At a recent 2017 EULAR press conference, researchers said that a Danish study demonstrated the incidence of RA-related TKR started to decrease after bDMARDs were introduced into their national treatment guidelines.5 This retrospective study showed the number of TKR surgeries in RA patients had been increasing at a rate of +0.19 per 1,000 person years before 2002, but dipped to -0.20 per 1,000 person years after 2003, when bDMARDs were introduced in Denmark. The incidence of THR in RA patients had been equivalent to -0.38 per 1,000 person years both before and after the introduction of bDMARDs.5
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Explore This IssueDecember 2017
Although the same Danish researchers, using data from England and Wales in 2016, could not show a statistically significant reduction in THR, they demonstrated that introduction of bDMARDs was associated with a relative reduction of 34% in five-year rates of TKR since 2003.6
These studies demonstrated a reduction of TKR and THR in RA patients receiving biologic treatments despite the high cost of bDMARDs. The cost of biologics for RA patients can reach $30,000 annually, but the average cost for TKR is $44,816 for only the hospital procedure.7 Adding the costs of RA medical care, employer/caregiver and quality-of-life-related expenses, the annual cost of all patients living with RA can reach $40 billion U.S. annually.8
By using biologics in primary RA diagnosed patients, we can stabilize disease status and minimize indirect and overall medical costs due to surgeries and ER visits.
Positive Outcomes in CVDs
CV events are higher among patients with RA and other systemic inflammatory disease states regardless of progressive status.9,10 The most common clinical cardiovascular event in RA patients is atherosclerosis. It is also important to evaluate CVDs’ clinical outcomes among potential treatment options in RA and other systemic inflammatory diseases. The most common therapeutic classes are NSAIDs, DMARDs, biologics and systemic corticosteroids.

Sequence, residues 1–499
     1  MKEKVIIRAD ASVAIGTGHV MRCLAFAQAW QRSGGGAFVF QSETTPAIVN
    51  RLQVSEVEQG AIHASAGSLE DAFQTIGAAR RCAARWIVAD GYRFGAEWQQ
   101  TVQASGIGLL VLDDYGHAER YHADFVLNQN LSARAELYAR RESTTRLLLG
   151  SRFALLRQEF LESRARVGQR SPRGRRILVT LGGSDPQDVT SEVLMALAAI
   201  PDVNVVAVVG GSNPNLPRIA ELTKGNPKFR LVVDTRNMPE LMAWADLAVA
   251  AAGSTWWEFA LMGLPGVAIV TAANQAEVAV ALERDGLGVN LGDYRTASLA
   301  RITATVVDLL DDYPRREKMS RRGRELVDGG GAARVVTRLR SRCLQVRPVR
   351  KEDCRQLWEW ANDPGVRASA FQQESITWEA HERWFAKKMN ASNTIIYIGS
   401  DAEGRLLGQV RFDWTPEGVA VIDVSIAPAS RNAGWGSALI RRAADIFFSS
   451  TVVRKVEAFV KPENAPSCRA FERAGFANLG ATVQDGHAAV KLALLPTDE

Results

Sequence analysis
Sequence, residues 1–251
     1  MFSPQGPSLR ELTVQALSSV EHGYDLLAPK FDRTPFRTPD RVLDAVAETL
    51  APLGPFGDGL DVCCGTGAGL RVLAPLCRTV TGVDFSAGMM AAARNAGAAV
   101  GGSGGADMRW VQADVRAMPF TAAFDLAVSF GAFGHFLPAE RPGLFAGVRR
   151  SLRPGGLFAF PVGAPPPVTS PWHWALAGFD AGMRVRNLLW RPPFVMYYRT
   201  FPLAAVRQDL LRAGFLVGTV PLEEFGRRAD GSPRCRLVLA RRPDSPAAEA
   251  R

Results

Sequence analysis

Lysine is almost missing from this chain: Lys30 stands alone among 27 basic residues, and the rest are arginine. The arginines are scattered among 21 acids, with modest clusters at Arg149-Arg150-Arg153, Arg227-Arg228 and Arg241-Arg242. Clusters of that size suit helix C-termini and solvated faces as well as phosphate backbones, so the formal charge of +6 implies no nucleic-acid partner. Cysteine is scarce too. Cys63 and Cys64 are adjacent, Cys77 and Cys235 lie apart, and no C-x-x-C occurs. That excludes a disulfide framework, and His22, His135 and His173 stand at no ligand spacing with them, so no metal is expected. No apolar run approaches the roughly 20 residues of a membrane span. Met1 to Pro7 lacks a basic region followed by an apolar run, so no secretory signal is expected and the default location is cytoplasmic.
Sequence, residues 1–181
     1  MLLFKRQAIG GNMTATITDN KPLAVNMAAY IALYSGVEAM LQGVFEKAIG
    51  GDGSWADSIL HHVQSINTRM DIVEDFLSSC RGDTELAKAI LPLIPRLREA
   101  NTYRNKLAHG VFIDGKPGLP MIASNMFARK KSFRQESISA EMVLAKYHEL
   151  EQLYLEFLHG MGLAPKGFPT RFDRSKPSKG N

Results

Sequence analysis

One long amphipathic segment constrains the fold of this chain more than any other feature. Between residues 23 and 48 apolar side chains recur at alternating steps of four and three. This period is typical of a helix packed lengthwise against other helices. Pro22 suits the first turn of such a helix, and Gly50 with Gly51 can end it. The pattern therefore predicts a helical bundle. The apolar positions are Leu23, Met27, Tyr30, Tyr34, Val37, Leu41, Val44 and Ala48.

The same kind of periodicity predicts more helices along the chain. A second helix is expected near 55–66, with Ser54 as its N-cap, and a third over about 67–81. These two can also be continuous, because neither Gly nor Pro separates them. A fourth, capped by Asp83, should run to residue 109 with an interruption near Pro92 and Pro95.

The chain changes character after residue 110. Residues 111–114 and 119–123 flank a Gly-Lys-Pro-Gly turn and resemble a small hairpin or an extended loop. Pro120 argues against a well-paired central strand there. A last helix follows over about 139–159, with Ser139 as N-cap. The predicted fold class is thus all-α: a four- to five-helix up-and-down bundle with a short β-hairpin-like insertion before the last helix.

Long-term, modest-dose corticosteroids and NSAIDs are contraindicated in RA patients with CVD comorbidities. The American Heart Association suggested clinicians avoid using NSAIDs in patients with history of CVD and limit the use of NSAIDs in all patient populations due to its mechanism of inhibiting both COX-1 and COX-2.11,12 Long-term systemic corticosteroids also contribute to adverse cardiovascular events, including dyslipidemia and hypertension.13
Based on the 2016 EULAR recommendations for CVD management in RA patients, CVD risk decreases in RA patients with long-term use of bDMARDs, including TNF inhibitors, tocilizumab and rituximab.14 Chronic systemic inflammatory diseases clearly play a role in promoting the development of atherosclerosis due to actions on endothelial cells and leukocytes.15 A proposed mechanism by which anti-TNF therapies reduce CVD risk is through a reduction in the inflammatory cascade and signaling, eventually reducing atherosclerosis and other cardiovascular events. The proposed mechanism of reducing CVD risk by tocilizumab and rituximab is their beneficial effect on carotid intima-media thickness, a surrogate marker for CVD.14